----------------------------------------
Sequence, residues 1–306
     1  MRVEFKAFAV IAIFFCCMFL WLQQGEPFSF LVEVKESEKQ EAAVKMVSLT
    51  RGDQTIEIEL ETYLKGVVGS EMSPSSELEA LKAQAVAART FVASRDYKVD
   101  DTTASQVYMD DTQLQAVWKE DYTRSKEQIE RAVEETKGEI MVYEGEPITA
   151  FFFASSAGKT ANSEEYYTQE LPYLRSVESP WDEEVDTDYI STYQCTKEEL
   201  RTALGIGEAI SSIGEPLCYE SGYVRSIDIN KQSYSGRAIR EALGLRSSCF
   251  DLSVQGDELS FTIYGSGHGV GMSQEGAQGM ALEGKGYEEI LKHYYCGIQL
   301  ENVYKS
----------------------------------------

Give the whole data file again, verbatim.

Sequence, residues 1–306
     1  MRVEFKAFAV IAIFFCCMFL WLQQGEPFSF LVEVKESEKQ EAAVKMVSLT
    51  RGDQTIEIEL ETYLKGVVGS EMSPSSELEA LKAQAVAART FVASRDYKVD
   101  DTTASQVYMD DTQLQAVWKE DYTRSKEQIE RAVEETKGEI MVYEGEPITA
   151  FFFASSAGKT ANSEEYYTQE LPYLRSVESP WDEEVDTDYI STYQCTKEEL
   201  RTALGIGEAI SSIGEPLCYE SGYVRSIDIN KQSYSGRAIR EALGLRSSCF
   251  DLSVQGDELS FTIYGSGHGV GMSQEGAQGM ALEGKGYEEI LKHYYCGIQL
   301  ENVYKS